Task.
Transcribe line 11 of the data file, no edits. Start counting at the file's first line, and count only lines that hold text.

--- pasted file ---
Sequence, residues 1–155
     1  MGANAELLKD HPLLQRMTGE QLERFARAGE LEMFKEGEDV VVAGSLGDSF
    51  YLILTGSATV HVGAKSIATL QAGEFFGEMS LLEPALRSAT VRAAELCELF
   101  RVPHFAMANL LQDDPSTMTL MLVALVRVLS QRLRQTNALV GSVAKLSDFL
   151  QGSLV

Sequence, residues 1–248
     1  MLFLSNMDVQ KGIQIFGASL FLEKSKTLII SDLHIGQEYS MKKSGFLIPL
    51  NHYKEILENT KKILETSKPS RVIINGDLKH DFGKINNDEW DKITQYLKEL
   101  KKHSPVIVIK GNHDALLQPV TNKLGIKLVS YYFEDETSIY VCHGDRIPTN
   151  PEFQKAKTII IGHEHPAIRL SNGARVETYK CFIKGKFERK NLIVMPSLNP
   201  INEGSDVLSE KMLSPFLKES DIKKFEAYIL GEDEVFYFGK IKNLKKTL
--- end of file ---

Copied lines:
   201  INEGSDVLSE KMLSPFLKES DIKKFEAYIL GEDEVFYFGK IKNLKKTL